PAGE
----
Construction of a water tower was begun in 1903 in the center of the town square. It and the courthouse are landmarks for the town. A small agricultural high school was opened in 1917; it developed as Hinds Community College, which has several sites and the largest student body of any college in the state.

GeographyEdit

According to the United States Census Bureau, the city has a total area of 3.0 square miles (7.8 km2), all land.

DemographicsEdit

Historical population
Census Pop.
1880488
1900483
191057919.9%
1920500−13.6%
19305479.4%
194064117.2%
19501,25996.4%
19601,3819.7%
19701,62017.3%
19801,96721.4%
19902,27515.7%
20001,664−26.9%
20101,93316.2%
20201,9601.4%
U.S. Decennial Census[2]
2013 Estimate[3]
Raymond racial composition as of 2020[4]
Race Num. Perc.
White (non-Hispanic) 764 38.98%
Black or African American (non-Hispanic) 1,124 57.35%
Native American 2 0.1%
Asian 4 0.2%
Pacific Islander 2 0.1%
Other/Mixed 35 1.79%
Hispanic or Latino 29 1.48%

As of the 2020 United States census, there were 1,960 people, 361 households, and 202 families residing in the city.

Government and infrastructureEdit

The United States Postal Service operates the Raymond Post Office.[5]

The Mississippi Department of Human Services operates the Oakley Training School in unincorporated Hinds County, near Raymond.[6]

EducationEdit

Hinds Community College has a Raymond campus.

Residents are within the Hinds County School District, and are zoned to Raymond Elementary School, Carver Middle School, and Raymond High School.[7]

Jackson Hinds Library System operates the Raymond Public Library at the Hinds Courthouse annex.[8]

Notable peopleEdit

GalleryEdit

ReferencesEdit

  1. ^ "2020 U.S. Gazetteer Files". United States Census Bureau. Retrieved July 24, 2022.
  2. ^ United States Census Bureau. "Census of Population and Housing". Retrieved October 21, 2014.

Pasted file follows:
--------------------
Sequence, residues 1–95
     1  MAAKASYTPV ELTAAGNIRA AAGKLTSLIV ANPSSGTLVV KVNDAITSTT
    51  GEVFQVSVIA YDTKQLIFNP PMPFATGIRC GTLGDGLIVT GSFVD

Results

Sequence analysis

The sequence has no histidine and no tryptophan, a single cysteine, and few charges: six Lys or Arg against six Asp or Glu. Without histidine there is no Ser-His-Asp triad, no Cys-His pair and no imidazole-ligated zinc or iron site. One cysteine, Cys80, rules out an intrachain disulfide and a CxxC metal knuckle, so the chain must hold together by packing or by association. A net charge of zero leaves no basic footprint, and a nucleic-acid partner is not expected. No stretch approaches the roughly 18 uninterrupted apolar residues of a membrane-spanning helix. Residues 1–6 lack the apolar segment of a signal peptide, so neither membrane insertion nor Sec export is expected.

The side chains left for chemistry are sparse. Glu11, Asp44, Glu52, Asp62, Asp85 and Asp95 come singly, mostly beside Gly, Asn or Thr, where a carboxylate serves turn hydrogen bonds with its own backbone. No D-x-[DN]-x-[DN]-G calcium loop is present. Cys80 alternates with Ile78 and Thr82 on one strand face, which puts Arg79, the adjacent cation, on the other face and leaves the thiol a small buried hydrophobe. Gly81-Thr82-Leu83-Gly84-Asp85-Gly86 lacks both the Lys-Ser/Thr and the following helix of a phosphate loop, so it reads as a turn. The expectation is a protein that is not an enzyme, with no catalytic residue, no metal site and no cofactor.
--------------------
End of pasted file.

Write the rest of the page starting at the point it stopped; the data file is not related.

3. ^ "Population Estimates". United States Census Bureau. Retrieved 2014-10-21.
  4. ^ "Explore Census Data". data.census.gov. Retrieved 2021-12-16.
  5. ^ "Post Office™ Location - RAYMOND." United States Postal Service. Retrieved on February 1, 2011.
  6. ^ "Division of Youth Services Archived 2010-01-13 at the Wayback Machine." Mississippi Department of Human Services. Retrieved on July 1, 2010. "2375 Oakley Road | Raymond, MS 39154."
  7. ^ "attendance_zone.jpg." Hinds County School District. July 21, 2011. Retrieved on December 29, 2018.
  8. ^ "Raymond Public Library." Jackson Hinds Library System. Retrieved on December 29, 2018.
  9. ^ Carpenter, Bil (2005). "Uncloudy Days: The Gospel Music Encyclopedia": 34–5. {{cite journal}}: Cite journal requires |journal= (help)
  10. ^ "2014 Football Roster". TSUsports.com. Retrieved 8 May 2021.
  11. ^ "Stephen Head Stats". MiLB.com. Retrieved 8 May 2021.
  12. ^ Living Blues. Living Blues Publications. 2004. p. 89.
  13. ^ Colin Larkin, ed. (1995). The Guinness Who's Who of Blues (Second ed.). Guinness Publishing. p. 260. ISBN 0-85112-673-1.
  14. ^ "Weekly Clarion-Ledger from Jackson, Mississippi on June 29, 1899 · Page 8". Newspapers.com. Retrieved 2021-05-02.
  15. ^ Larson, Jennifer L. "Summary of Memorials of a Southern Planter". docsouth.unc.edu. Retrieved 2021-01-19.

External linksEdit